Maeve Binchey, the renowned Irish author, explains how St. Patrick’s Day has changed in Ireland.
St. Patrick’s Day used to be the dullest day in the Irish calendar until we got sense and learned to follow our transatlantic brethren and make it into a carnival.
When I was young in the 1950s, March 17 was a bit like Tombstone City. For one thing it was in the middle of Lent and there was always a huge argument at school about whether the saint was important enough to warrant a day off from the merciless self-denial we all practiced then.
Was it perhaps a matter of honoring him greatly by getting stuck into bars of chocolate in his name? Or was it only a cheap back door to getting more carbohydrates?
Then, even though it was a day off school, it was mainly a heavily religious day.
After Mass where we all sang “Dochas Linn,” “Naomh Padraig,” “Aspal Mor na hEirinn” and “Hail Glorious St. Patrick,” we used to go on two bus journeys across the city and see my aunt who was a nun in a convent in Drumcondra. Sometimes we saw the hint of a horrifically bad Industrial Parade, which had tractors and awful things in it, and honestly you were better off not seeing it at all. There used to be people frozen to death watching it go by the General Post Office and my mother would say, “Isn’t it the mercy of God that your father doesn’t have a high civil service job or he would have had pneumonia by lunchtime.”
And all over Ireland every single public house was closed.
Yes, that’s true. Three days a year – Good Friday, Christmas Day and March 17 – the hostelries had to close their doors.
Now I suppose if you knew the right people you could sneak in a back door. But back then girls didn’t really GO to pubs. They were male places smelling of porter, with males smoking heavily, consulting the racing pages and debating politics.
Nice girls had no place there. Or so we were told.
But with the sixties came some rays of light. Women began to realize that they had every right to be everywhere.
And we wanted improvements too. Nice Ladies Rooms, ice in our drinks, and carpets on the floor. Our generation changed the face of the pubs and bars you all know so well. We are responsible for the kind of places they are now.
But one thing we couldn’t change. The pubs still stayed closed on St. Patrick’s Day. It seemed as if this was going to last until the End of the World.
There are of course ways around everything. A small Dublin dog show, which might have expected a trickle of supporters to come and watch the Best of Breed being judged, became instead a magnet for thousands in Ballsbridge.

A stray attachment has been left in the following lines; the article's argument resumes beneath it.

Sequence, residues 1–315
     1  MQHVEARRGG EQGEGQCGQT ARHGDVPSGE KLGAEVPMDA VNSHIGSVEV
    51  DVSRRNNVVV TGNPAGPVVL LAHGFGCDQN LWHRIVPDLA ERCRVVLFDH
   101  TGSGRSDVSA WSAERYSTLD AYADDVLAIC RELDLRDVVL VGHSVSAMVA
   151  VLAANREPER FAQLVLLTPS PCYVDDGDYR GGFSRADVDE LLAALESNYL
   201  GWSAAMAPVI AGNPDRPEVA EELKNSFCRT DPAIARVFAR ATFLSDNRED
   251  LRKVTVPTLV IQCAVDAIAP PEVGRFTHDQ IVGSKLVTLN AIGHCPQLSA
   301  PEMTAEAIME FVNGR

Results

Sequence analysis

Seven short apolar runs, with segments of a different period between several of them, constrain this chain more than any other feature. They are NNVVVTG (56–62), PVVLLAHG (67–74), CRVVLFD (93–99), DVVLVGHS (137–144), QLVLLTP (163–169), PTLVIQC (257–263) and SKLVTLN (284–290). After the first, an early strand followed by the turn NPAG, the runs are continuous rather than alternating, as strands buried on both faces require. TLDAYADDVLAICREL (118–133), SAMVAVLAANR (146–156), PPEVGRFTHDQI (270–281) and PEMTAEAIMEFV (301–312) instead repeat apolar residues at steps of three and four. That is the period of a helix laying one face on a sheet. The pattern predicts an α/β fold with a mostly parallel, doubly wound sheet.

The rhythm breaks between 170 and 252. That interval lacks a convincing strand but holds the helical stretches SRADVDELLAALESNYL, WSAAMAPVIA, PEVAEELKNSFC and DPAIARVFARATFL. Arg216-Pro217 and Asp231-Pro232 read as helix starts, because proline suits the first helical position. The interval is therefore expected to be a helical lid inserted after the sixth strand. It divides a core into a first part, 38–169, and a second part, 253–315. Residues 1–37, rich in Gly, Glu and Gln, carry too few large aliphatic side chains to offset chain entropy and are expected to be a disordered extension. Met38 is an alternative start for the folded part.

The show had a dispensation or an exemption or whatever they called it, and therefore was the only place in the capital city where you could get alcohol.
On the national holiday, Myles na gCopaleen (Flann O’ Brien) in his witty Irish Times column complained that there was a very irritating sound of hounds barking when he went for his Patrick’s Day pint at the Dog Show. It seemed to him to be an odd kind of place to bring a dog. But then like a rumble on the horizon came the television footage of the celebrations in cities all over the United States.
Marshals and Grand Marshals, drummers, cheerleaders, the Department of Corrections marching with shamrocks in their helmets, the Mother Cabrini High School Band dancing up and down the great avenues, pipers with different tartans, old and young marching, and hundreds and thousands of spectators cheering them on.
Hey, wait a minute. Wasn’t this meant to be OUR show? Didn’t St Patrick come here, here to Ireland, not to Manhattan and Chicago? The discontent and envy and sheer jealousy made itself felt and now we have a party too.
The Dog Show is back to normal proportions again, and we are no longer ashamed of the poor show we put on in the saint’s honor for decades in the past. Often when I was in New York wandering around on St Patrick’s Day astounded and envious of all I saw, I would meet Irish men and women in bars on Third Avenue. They would tell me that one day before they died they would come back and march in a proper parade in their homeland.
I used to pray silently that they never would make the journey – I couldn’t bear to think of such disillusion. But now it’s safe.
They CAN come back to Ireland.
They will see a whole week of festivity and their native land having its rightful carnival.
And somewhere up there in his Mansions Above, St. Patrick is feeling a lot better about it too.
Maeve Binchey’s latest book, Whitethorn Woods, is currently in bookstores. ♦